The Unfinished Work of Obamacare
Remember what matters.
Unless Congress finds a way to repeal the Affordable Care Act over the next 10 months -- after more than 60 failed attempts -- President Barack Obama will leave office with his signature legislation intact, and running pretty smoothly.
Obamacare, which turns six today, has reduced the share of Americans without health insurance by half, provided people without job-based coverage access to affordable high-quality options, and prevented people from being denied insurance because of preexisting health conditions. Meanwhile, health-care costs have grown more slowly than they did before the law was passed.
Yet the ACA should by no means be the end of health-care reform -- not least because it leaves 11.5 percent of adults under 65 uninsured. Greater efforts are needed to make sure everyone who qualifies for government subsidies to buy insurance knows that they do. And the 19 states that still refuse to expand Medicaid to more residents need to get with the program.
Efforts are needed to lower the increasingly crippling costs of copayments, deductibles and other expenses. In the past decade, the average deductible has more than doubled, to $1,318. Among Americans who now have insurance, one in five say they struggle to pay medical bills, often by emptying their savings or taking an extra job.
One good suggestion is Hillary Clinton's proposal to allow patients three annual visits to a doctor before deductibles kick in. Clinton's refundable tax credit for out-of-pocket costs could help, too.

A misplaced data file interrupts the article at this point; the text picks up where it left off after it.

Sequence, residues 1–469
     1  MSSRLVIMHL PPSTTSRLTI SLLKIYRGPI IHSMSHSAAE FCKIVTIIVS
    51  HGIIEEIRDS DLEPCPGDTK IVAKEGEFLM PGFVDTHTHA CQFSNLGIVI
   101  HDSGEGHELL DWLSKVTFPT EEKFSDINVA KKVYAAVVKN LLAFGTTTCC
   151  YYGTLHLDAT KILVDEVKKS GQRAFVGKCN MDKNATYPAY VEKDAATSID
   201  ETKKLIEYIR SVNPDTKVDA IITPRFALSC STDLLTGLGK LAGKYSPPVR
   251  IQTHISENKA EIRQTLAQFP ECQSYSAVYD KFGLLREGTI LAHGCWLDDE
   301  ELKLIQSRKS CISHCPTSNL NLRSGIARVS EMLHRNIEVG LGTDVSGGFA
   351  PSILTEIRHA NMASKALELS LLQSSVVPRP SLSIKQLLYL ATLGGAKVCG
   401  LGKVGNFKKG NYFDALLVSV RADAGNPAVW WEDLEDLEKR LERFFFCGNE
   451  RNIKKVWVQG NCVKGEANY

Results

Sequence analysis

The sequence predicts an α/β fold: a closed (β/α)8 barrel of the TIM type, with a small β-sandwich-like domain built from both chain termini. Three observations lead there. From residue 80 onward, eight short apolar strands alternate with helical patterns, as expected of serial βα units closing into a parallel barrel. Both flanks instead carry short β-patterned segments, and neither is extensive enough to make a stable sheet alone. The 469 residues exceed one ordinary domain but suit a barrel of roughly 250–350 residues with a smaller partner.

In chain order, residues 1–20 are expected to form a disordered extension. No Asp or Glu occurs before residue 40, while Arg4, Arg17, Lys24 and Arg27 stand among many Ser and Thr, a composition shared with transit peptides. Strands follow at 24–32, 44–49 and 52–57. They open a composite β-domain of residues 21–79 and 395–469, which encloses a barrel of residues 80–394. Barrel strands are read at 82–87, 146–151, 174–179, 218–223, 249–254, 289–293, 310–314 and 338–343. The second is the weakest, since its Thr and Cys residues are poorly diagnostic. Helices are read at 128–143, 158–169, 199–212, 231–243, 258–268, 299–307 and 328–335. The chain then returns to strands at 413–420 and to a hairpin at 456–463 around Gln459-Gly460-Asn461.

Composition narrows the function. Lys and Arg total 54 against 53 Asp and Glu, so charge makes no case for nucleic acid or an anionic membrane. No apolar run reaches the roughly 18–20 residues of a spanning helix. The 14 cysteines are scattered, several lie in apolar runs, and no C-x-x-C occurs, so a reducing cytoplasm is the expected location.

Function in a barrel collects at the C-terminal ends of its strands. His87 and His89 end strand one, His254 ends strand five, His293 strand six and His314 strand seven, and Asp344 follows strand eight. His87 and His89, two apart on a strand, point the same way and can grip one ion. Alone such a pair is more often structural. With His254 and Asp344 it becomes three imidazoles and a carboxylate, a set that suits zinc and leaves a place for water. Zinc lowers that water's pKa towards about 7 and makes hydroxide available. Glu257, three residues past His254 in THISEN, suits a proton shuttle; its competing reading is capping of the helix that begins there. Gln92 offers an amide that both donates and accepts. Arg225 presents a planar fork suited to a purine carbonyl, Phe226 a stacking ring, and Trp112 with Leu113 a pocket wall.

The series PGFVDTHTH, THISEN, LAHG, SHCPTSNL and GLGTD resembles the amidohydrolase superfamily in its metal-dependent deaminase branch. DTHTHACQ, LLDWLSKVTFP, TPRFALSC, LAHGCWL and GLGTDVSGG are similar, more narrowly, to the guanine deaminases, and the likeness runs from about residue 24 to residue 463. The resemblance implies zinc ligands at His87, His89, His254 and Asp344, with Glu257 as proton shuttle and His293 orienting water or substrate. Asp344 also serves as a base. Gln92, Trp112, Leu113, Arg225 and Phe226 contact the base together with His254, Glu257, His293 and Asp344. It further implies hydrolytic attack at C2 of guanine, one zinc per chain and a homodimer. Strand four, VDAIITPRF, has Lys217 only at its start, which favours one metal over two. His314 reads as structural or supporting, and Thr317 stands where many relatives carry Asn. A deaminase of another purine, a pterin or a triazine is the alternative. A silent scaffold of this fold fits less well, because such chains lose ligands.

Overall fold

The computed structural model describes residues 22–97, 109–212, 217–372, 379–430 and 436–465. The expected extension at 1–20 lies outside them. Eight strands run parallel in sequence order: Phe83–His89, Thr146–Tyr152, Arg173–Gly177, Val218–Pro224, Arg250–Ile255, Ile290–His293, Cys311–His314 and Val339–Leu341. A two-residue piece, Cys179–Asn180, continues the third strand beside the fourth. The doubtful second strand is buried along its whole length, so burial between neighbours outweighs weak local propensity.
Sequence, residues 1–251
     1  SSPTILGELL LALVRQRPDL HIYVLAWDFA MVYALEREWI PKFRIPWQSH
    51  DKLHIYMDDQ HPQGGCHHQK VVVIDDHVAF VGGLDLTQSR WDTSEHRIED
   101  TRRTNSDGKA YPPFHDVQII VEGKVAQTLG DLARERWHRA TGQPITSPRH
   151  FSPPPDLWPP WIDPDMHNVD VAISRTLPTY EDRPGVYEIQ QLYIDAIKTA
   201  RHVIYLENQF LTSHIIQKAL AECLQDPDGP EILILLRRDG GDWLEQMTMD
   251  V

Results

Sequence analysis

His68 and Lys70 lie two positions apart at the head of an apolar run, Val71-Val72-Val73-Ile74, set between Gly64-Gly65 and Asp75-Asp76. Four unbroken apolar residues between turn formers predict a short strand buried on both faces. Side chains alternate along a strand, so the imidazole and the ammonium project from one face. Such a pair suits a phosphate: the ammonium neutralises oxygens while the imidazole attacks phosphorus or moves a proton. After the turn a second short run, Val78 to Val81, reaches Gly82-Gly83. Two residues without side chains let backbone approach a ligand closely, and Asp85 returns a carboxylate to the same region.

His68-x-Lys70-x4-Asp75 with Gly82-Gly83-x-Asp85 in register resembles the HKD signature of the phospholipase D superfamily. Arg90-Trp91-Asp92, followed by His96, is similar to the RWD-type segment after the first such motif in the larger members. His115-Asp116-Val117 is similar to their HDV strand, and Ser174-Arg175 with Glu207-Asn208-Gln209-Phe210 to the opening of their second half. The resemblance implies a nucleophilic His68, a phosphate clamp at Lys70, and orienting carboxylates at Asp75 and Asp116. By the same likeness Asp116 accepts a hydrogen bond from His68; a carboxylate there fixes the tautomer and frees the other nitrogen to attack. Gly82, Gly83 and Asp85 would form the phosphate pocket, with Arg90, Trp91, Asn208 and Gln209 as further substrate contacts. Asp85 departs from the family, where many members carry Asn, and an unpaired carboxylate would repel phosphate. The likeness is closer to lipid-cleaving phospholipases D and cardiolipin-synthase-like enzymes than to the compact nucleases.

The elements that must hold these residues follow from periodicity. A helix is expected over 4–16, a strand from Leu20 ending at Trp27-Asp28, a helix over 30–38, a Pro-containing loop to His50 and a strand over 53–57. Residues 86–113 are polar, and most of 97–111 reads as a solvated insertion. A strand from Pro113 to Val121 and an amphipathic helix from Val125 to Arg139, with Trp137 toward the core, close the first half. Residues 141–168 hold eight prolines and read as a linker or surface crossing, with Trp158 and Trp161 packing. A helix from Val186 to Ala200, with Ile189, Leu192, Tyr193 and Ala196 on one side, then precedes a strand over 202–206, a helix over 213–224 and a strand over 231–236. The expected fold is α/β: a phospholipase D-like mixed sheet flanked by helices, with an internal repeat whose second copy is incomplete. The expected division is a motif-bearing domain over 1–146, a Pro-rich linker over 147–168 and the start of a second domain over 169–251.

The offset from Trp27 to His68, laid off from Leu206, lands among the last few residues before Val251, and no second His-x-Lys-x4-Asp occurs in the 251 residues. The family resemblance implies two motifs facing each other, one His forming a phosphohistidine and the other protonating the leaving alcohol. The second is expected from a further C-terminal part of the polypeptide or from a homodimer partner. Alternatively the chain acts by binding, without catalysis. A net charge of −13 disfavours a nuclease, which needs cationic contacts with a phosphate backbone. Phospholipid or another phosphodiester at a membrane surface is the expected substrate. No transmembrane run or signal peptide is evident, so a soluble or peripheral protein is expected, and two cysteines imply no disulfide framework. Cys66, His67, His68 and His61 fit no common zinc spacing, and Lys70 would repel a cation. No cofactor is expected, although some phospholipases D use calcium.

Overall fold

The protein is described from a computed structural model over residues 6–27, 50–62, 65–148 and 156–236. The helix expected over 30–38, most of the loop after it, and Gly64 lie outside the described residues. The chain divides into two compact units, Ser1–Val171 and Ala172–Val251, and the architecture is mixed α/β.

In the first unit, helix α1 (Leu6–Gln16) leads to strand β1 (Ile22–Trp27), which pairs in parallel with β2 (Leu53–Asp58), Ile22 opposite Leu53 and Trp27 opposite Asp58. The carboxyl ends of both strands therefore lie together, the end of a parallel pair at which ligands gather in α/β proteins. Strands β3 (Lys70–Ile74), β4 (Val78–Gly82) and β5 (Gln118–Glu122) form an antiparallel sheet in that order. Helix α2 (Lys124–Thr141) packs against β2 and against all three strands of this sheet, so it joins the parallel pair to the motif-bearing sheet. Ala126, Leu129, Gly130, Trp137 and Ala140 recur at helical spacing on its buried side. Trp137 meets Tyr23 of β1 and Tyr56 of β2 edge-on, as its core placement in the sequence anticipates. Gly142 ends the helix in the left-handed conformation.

Another fundamental problem with the U.S. health-care system is the trajectory of total spending. From 2014 to 2024, it's expected to grow 1.1 percent faster than the economy as a whole, reaching 19.6 percent of gross domestic product.
The Obama administration is trying to counteract this trend by moving away from fee-for-service reimbursement to doctors and hospitals and basing their payments instead on measures of success. This effort will not be finished before Obama leaves office, and it's important that it continue into the next administration.
In years to come, policy makers, voters and the next president will need to expand the goals of health-care reform. It's essential, for example, to shrink persistent health disparities by income and geography; to stem rising death rates among middle-aged whites; and to reduce suicide, opioid addiction and infant mortality. Ultimately, the U.S. health-care system should go beyond making sure Americans have insurance cards, and see that they live in the best possible health.
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